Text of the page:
Let’s go from bitcoin to Rand to the Dollar. To do this we need to take the Rand exchange rate we get from Google for one bitcoin. We then multiply that with ZAR/USD exchange rate.
(₿1 = R90,910 * 0.07 = $6,363)
If we look at Bitstamp we see bitcoin trading for around $6525 (R93,307). So already there is a variation of 3% to 5%. This is before taking fees and commisions into consideration. Staying with this example we can already conclude that the Google bitcoin to rand exchange rate is guestimating at best. We can take this a step further and look at the bitcoin to Rand exchange rate on a local cryptocurrency exchange like iCE3X.
Here we see that bitcoin is trading in the range of R96,000 – R98,000 ($6770 – $6900). This means that if you take 1 bitcoin and now decide to sell it, you can make nearly 10% higher return by selling on a local exchange which uses the Rand as a base currency. Conversely, if you are looking to BUY a bitcoin, you are in for a shock. Your Google search primed you to spend around R90,910 to buy a bitcoin. You look at the exchange and the cheapest bitcoin is selling for around R96,000+. Your purchase is now nearly 10% more expensive by the time you checkout.
A more accurate way to value your bitcoin in Rand would be to look at a local exchange order book in Rand. (by the way, you can do this here) If you now look at the last price, the highest BUY offer and the lowest SELL offer you will get a much more realistic idea of what you bitcoin is worth in Rand. This is not how much you will get in the bank, this is an indication of the trading range.
Right now, bitcoin is not a great store of value. The reason for this is because the actual value of bitcoin has not been established yet via price discovery. It probably will not be for some time yet. Many tools and mechanisms which central banks use to manage a particular currency such as interest rates for example, simply do not exist in the bitcoin space. Alternative solutions or evolution needs to take place first.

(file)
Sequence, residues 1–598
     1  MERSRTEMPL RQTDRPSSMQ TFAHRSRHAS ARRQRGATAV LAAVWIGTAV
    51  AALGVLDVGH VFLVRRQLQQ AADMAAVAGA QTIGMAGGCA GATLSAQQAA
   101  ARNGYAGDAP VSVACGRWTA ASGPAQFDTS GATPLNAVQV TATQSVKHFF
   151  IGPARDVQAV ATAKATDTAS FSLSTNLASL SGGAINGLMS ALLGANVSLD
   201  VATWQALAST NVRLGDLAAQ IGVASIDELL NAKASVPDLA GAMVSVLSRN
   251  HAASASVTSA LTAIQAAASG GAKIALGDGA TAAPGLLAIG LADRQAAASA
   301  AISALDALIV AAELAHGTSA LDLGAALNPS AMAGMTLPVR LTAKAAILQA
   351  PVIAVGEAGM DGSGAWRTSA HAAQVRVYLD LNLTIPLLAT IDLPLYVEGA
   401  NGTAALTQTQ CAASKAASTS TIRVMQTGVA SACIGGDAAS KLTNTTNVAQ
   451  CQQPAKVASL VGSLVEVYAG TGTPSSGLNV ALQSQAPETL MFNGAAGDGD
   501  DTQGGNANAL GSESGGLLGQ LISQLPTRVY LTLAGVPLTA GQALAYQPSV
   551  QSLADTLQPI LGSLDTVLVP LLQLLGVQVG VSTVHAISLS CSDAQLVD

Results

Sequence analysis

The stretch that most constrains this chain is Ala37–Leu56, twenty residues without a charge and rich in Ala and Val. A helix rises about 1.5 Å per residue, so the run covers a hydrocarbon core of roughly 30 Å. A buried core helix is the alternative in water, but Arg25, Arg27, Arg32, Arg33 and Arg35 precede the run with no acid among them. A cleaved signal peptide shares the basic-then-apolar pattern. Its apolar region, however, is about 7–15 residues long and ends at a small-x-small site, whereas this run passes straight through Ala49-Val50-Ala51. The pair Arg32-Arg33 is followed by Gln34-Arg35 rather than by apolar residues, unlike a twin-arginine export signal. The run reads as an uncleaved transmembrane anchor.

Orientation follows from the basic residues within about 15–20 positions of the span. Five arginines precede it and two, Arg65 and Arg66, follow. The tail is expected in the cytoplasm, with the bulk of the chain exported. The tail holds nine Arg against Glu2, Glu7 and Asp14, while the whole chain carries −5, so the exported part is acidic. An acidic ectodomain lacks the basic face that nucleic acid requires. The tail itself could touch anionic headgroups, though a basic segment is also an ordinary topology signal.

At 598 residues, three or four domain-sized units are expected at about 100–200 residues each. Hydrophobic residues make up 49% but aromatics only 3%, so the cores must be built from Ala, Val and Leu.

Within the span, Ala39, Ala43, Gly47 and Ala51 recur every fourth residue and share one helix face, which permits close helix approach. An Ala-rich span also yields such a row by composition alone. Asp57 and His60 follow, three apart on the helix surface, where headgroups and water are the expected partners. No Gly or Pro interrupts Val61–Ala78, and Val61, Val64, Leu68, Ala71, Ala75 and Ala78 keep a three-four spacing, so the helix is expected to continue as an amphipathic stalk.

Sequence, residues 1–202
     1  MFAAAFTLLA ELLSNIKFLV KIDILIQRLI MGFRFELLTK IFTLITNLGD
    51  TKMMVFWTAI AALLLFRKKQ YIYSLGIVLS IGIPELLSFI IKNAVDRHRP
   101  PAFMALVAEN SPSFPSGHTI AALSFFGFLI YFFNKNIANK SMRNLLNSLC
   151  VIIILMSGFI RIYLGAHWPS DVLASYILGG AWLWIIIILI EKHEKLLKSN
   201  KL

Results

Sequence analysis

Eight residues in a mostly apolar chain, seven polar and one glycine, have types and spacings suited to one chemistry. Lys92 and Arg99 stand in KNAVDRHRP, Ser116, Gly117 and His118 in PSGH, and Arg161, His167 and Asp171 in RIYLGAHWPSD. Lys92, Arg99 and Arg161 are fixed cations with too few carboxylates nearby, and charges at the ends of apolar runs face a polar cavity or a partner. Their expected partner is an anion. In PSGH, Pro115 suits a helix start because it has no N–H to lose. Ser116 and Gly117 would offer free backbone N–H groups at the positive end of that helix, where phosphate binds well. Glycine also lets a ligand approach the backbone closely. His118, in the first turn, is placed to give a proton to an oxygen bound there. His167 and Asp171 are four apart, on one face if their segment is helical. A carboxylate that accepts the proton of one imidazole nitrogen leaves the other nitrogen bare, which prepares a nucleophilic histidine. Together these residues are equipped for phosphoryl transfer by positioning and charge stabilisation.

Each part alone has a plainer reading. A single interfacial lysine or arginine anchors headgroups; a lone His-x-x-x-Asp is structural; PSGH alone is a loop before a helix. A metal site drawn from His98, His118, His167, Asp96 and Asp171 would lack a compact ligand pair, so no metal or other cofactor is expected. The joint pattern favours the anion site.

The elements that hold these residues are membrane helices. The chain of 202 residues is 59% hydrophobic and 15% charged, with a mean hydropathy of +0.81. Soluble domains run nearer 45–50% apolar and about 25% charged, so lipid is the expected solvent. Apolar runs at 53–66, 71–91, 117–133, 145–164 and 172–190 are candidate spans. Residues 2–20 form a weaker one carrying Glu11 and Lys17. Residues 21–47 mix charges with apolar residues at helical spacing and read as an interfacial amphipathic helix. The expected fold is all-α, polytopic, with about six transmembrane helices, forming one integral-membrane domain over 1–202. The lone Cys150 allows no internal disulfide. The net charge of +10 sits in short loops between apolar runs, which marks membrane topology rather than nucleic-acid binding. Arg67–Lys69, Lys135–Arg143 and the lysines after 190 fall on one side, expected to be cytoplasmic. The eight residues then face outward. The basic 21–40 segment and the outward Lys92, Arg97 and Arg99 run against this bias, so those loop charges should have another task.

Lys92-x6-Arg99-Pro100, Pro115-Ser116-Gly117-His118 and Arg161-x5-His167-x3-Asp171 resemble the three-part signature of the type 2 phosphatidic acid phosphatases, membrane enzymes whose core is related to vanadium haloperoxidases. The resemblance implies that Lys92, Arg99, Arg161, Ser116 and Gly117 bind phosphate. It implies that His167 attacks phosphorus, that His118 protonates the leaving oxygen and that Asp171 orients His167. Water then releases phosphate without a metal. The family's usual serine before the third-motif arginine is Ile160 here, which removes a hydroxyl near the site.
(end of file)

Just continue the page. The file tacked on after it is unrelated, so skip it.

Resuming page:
No. The idea of a cryptocurrency like bitcoin replacing the Rand does not make any sense. Bitcoin is deflationary. FIAT currencies are inflationary. You cannot throw a mango on the fire and call it a steak. Bitcoin does not aim to do this either. Instead, its purpose is that of a decentralised ledger system. More like a world reserve currency or a medium to move in or out of FIAT currency.
To many, the bitcoin price (its value in terms of FIAT) is the only thing that matters. Whilst this approach can make you rich instantly, its luck rather than skill. Understanding and exploring the underlying value of bitcoin as a wealth creation mechanism is the where the true investment opportunities lie.
Which camp do you consider yourself a part of? Leave us a comment below!
This article is intended to educate and should in no way be seen as investment advice or an enticement to use the ice3x.com platform. Bitcoin is highly volatile with big profit opportunities but you should also remember that you could lose part or all of your investment whenever you take part in any high risk investment. Bitcoin trading is not a regulated industry in South Africa, which in itself carries additional risks. IF YOU ARE NOT AN ASTUTE BITCOIN TRADER, SEEK INDEPENDENT FINANCIAL ADVICE BEFORE MAKING ANY INVESTMENTS.